More than 565,000 assessment notices are in the mail today, Jan.12 to Nova Scotia property owners. Provincially, the total valueof property assessments in Nova Scotia is up by five per cent to$52.7 billion. The total assessed value of residential propertiesis up by 6.1 per cent while commercial properties have increasedby 2.4 per cent. In the Halifax Regional Municipality, total residentialassessment values are up by 7.9 per cent to more than $16.8billion. Total commercial assessment increased by 3.1 per cent toalmost $6.6 billion. The 2004 property assessments are based onmarket value at Jan. 1, 2002. “A strong real estate market in HRM is the primary reason for theincrease. Market value is the most equitable and widely acceptedapproach to property assessment in North America. Every provincein Canada and more than 120 other countries around the world usemarket value as a standard for property assessment,” said LloydMacLellan, director of the Central Regional Assessment Office. “The market value is easily understood by most property owners.It is determined by the buyers and sellers of the real estatemarket. That makes it easy for property owners to test fairnessbecause they can compare their assessment to sales of similarproperties. It also means that the same appraisal standards andprinciples can be applied to all residential properties acrossNova Scotia,” said Mr. MacLellan. Each year the assessment services division reassesses allproperties within Nova Scotia to establish an estimate of fairmarket value. Factors used to determine assessments includeanalysis of sales and building permits, local market conditions,depreciation, renovations and new construction. The Values arethen tested for statistical validity using internationallyaccepted assessment standards. In response to feedback from Nova Scotia property owners, asssessment services has added a new service to its website. Residential property owners can now obtain detailed informationabout their property by entering a personal identification number(PIN) and their assessment account number (AAN) atwww.nsassessment.ca . The PIN and AAN are printed on individualassessment notices. “Not everyone has Internet access, so property owners can alsoget that information and answers to their assessment questions bycalling our toll-free number at 1-800-667-5727,” said Mr.MacLellan. Property owners who disagree with their assessment have theopportunity to appeal. “Property owners should ask themselves if their assessment is a reflection of market value,” said Mr.MacLellan. “If they don’t think it is, they may appeal.” All appeals must be filed no later than midnight, Feb. 2. Once anappeal is received, an assessor will review the propertyvaluation and then notify the property owner with the result ofthe review. SERVICE N.S./MUNICIPAL RELATIONS–HRM Property Assessment Noticesin the Mail
In an address to a Security Council meeting on Darfur, Mr. Annan stressed that the humanitarian and security conditions have become so dire that Council members must use all their means to convince Khartoum that UN blue helmets should take over the work of the existing African Union (AU) force.“It is time to act. Not only in Darfur, but by people around the world, this is seen as a crucial test of the Council’s authority and effectiveness, its solidarity with people in need, and its seriousness in the quest for peace,” he said.Almost 2 million people are displaced as a result of the brutal conflict that has engulfed Darfur, an impoverished region on Sudan’s western flank, since 2003, while nearly 3 million people there depend on international aid for food, shelter and health care.The situation has worsened considerably since the signing in May of the Darfur Peace Agreement (DPA) between the Government and some of the rebel groups it has been fighting. In the past two months, 12 aid workers have been killed – more than in the entire previous two years.Mr. Annan said the UN and non-governmental organizations (NGOs) will have to drastically scale back their humanitarian operations in Darfur unless the security situation improves.“Can we, in conscience, leave the people of Darfur to such a fate? Can the international community, having not done enough for the people of Rwanda in their time of need, just watch as this tragedy deepens?” he asked.“Having finally agreed just one year ago that there is a responsibility to protect, can we contemplate failing yet another test? Lessons are either learned or not; principles are either upheld or scorned. This is no time for the middle ground of half-measures or further debate.”The Secretary-General condemned the recent offensive by Government forces, which has included renewed aerial bombing and the deployment of thousands of armed troops, in violation of the DPA.He urged Khartoum to embrace resolution 1706, by which the Council voted to deploy a UN force of more than 17,000 peacekeepers across Darfur and said it “invites the consent” of the Sudanese Government.“My voice alone will not convince the Government,” said the Secretary-General, detailing his efforts to explain the transition to the Government, and to clear up any misconceptions or myths. “It is time now for additional voices to make themselves heard. We need governments and individual leaders in Africa and beyond, that are in a position to influence the government of Sudan, to bring that pressure to bear without delay. There must also be a clear, strong and uniform message from this Council,” Mr. Annan declared.Yassin Abdelsalam, Ambassador of Sudan – which has stated repeatedly that it does not want UN troops in Darfur – told the Council meeting that his Government remains open to dialogue and cooperation with the UN.But he said Council members had ignored or downplayed attacks by rebel groups and had not considered the Government’s own plan for stabilizing the situation in Darfur.Among the over one dozen participants addressing the Council, the League of Arab States’ Permanent Observer, Yaha Mahmassani, emphasized that cooperation was the only way to achieve a peaceful solution in Darfur, while the Organization of the Islamic Conference’s Permanent Observer Abdul Wahab said any UN deployment must have the consent of the Sudanese Government.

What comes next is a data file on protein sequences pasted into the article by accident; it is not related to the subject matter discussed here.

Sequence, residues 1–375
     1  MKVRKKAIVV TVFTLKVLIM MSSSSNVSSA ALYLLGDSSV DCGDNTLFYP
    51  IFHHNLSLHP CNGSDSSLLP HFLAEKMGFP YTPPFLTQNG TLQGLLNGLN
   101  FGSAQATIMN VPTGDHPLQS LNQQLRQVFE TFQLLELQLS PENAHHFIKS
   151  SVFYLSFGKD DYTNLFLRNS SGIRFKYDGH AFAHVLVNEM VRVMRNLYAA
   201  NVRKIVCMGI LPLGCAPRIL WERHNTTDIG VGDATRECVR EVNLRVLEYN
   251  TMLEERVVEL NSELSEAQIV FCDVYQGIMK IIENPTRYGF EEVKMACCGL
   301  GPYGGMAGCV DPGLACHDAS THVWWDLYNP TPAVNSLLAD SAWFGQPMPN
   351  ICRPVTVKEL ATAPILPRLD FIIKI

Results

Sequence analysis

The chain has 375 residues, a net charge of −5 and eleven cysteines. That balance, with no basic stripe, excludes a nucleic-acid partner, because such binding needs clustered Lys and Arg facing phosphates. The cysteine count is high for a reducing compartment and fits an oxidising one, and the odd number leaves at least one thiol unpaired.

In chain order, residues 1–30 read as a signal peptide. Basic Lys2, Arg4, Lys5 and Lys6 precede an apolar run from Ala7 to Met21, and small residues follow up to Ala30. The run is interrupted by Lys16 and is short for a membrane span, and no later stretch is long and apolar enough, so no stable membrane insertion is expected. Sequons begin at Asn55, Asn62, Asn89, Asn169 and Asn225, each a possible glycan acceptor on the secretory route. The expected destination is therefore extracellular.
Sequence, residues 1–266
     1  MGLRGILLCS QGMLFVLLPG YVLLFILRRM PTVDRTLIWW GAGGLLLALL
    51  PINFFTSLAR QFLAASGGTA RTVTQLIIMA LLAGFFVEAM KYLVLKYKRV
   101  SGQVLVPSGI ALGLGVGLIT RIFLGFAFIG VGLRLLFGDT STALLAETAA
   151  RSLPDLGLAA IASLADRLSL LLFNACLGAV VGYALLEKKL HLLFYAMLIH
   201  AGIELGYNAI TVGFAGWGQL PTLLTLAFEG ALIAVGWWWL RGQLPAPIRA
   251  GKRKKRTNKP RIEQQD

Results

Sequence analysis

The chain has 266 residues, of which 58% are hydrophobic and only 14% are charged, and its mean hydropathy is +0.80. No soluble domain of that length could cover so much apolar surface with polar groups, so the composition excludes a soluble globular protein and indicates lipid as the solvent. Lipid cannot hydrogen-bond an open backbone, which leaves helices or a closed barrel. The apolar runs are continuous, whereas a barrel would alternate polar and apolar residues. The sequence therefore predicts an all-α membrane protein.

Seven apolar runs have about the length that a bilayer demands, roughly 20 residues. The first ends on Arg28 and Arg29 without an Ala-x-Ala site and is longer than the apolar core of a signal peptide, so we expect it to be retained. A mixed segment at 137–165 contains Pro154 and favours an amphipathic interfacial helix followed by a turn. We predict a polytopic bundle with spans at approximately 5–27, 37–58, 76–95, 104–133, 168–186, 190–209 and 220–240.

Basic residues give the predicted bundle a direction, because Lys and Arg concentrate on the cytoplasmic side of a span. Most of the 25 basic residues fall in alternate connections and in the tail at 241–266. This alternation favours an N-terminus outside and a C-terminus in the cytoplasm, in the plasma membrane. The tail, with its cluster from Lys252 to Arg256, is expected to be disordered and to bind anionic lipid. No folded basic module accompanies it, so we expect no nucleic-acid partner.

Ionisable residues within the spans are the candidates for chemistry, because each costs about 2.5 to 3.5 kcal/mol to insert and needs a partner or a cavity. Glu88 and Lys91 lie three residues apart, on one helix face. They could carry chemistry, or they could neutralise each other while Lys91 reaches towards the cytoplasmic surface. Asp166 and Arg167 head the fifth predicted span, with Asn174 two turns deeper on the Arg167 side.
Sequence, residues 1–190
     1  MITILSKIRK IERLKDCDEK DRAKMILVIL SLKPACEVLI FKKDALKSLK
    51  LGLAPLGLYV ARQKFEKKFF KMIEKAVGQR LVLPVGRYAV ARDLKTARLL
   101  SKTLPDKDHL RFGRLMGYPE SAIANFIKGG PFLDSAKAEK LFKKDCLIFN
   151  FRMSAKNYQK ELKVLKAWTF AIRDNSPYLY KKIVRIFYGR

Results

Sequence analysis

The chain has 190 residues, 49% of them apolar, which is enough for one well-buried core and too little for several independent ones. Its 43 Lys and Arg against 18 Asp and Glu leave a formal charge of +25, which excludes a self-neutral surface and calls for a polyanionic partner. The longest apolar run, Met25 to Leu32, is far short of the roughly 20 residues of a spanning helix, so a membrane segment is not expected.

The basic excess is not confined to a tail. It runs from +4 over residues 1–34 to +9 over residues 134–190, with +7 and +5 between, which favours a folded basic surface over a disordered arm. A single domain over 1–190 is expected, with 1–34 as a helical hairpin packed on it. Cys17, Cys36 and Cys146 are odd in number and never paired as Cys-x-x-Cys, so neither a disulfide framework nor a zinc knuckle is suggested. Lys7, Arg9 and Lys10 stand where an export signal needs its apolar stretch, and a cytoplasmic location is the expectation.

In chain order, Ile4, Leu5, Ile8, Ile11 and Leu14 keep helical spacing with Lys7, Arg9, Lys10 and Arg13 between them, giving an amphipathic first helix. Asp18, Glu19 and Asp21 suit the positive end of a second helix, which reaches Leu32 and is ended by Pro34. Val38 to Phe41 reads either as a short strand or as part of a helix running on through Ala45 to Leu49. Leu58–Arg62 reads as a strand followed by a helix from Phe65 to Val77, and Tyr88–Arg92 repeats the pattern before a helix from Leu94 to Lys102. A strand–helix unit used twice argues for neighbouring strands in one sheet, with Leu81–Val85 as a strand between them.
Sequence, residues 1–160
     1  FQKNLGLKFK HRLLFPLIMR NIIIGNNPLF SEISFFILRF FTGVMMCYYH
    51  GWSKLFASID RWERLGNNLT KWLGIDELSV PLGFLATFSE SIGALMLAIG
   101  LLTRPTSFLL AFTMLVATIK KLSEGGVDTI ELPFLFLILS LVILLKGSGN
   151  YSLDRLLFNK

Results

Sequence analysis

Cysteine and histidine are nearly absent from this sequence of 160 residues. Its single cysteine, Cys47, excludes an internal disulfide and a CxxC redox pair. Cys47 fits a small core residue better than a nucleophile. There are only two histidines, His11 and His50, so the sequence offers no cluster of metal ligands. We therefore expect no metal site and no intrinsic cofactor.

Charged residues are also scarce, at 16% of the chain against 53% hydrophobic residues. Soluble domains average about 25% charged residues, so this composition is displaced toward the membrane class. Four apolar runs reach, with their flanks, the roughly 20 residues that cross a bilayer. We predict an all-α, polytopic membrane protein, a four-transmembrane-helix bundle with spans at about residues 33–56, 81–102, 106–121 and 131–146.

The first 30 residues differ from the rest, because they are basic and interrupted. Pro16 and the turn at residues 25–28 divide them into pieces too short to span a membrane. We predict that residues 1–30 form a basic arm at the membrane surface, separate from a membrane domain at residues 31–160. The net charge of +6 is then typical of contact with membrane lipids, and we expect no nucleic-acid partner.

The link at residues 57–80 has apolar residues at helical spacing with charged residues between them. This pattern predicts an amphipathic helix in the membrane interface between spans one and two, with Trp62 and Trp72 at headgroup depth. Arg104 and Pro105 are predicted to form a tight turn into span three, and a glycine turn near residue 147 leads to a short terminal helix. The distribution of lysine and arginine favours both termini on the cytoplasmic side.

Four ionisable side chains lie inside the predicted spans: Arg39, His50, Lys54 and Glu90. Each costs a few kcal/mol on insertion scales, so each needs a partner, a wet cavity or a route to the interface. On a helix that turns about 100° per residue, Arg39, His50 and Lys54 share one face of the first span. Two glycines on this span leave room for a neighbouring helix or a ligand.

Secretary-General Ban Ki-moon at the wreath-laying ceremony on the occasion of the International Day of United Nations Peacekeepers.UN Photo/Rick Bajornas Secretary-General Ban Ki-moon at the wreath-laying ceremony on the occasion of the International Day of United Nations Peacekeepers. UN Photo/Rick Bajornas “Since its beginning in 1948, United Nations peacekeeping has evolved into one of the main tools used by the international community to manage complex crises that threaten international peace and security,” said Mr. Ban in message to mark the Day. “Throughout its history, the United Nations has established a total of 71 peacekeeping operations. More than one million military, police and civilian personnel have served as UN peacekeepers, including 125,000 in the sixteen missions in operation today.”The International Day of United Nations Peacekeepers is an occasion to salute the peacekeepers of today who serve in some of the world’s most volatile and dangerous environments. It is commemorated each year on 29 May because that that was the date in1948 when the UN Truce Supervision Organization (UNTSO) – the world’s first peacekeeping mission – began operations in Palestine.“United Nations peacekeeping has given life to the UN Charter’s aim ‘to unite our strength to maintain international peace and security,’” said Mr. Ban. “Through years of struggle and sacrifice, the iconic Blue Helmet has earned its place as a symbol of hope to millions of people living in war-ravaged lands.”The message added that the Day exists as a chance to mourn fallen peacekeepers, noting that during its history, more than 3,300 “Blue Helmets” have died devoting their lives to peace, including 126 men and women in 2014.To mark the Day at UN Headquarters, the Secretary-General participated in a wreath-laying ceremony in the morning, then presided over a ceremony at which the Dag Hammarskjöld Medal was awarded posthumously to the military, police and civilian personnel who lost their lives while serving in peacekeeping operations last year. Participants at the wreath-laying ceremony on the occasion of the International Day of United Nations Peacekeepers. UN Photo/Rick Bajornas Participants at the wreath-laying ceremony on the occasion of the International Day of United Nations Peacekeepers. UN Photo/Rick Bajornas ‹ ›At the wreath laying, Mr. Ban and gathered dignitaries observed a solemn moment of silence to honour those who had died in the past year. “Threats continue. Already this year, 49 peacekeepers have lost their lives,” he said. “The operational environments are getting worse. Our peacekeepers are increasingly exposed to asymmetric threats. They are attacked, targeted and killed by extremists.”He described particularly hazardous conditions faced by operations in Mali and Darfur, which were responsible for the largest losses of life, and in Liberia, where a peacekeeper was lost to Ebola.At the presentation of the Dag Hammarskjöld Medal, Mr. Ban said that the 126 peacekeepers killed last year marked a saddening trend, as the danger grew and 2014 entered the books as the seventh in a row in which more than 100 peacekeepers had been killed. “Of all the ceremonies that the UN organizes, this is perhaps the most solemn and most difficult. But in many ways it is the most inspiring,” he said. “Their sacrifice, and the way that they lived their lives, makes us all proud and spurs us on to work harder to ensure that their lives were not lost in vain.”Currently, demand for UN peacekeeping operations is at an all-time high. Operations receive contributions of military and police personnel from 122 Member States. This impressive number reflects strong global confidence in the value of United Nations peacekeeping as a tool for collective security. In a press conference at headquarters, the Under-Secretary-Generals for Peacekeeping and for Field Support also reflected on the service of Blue Helmets who served the UN in the cause of peace in what he described as a “difficult world” but one in which there were extensive efforts to adjust to and rise to the expectations of the international community.“It’s an opportunity to reflect on the nature of the threats that we face on the ground,” said Mr. Ladsous on the evolution of peacekeeping in the modern world. “More than ever our obligation is to improve performance. We improve on performance by the use of up to date technology.”He said that did not mean merely the use of high-tech equipment like Unmanned Aerial Vehicles (UAVs) but was about putting a lot more technical means, many of which were available on commercial markets, to improve safety and security.This idea was echoed by Atul Khare, the Under-Secretary-General for Field Support. He also underlined the need for availability of a wide variety of technology to counter the many “grave and asymmetrical” threats faced by peacekeepers as they discharged their complex mandates and he outlined his priorities for his tenure. They were to improve rapidity and proactivity of support, as well as its effectiveness and the efficiency with which it was delivered.He said he was “truly humbled” to receive the Dag Hammarskjöld medal on behalf of civilian peacekeepers, and noted that of the 126 peacekeepers who died last year, 19 were civilians, which he noted was a large proportion of the total. “Today is a day for reflection and gratitude for the service of peacekeepers,” he said. “But today is also a day of introspection, of reflection, on the sacrifices that serve as a stark reminder of the massive challenges that we face on the ground every day.”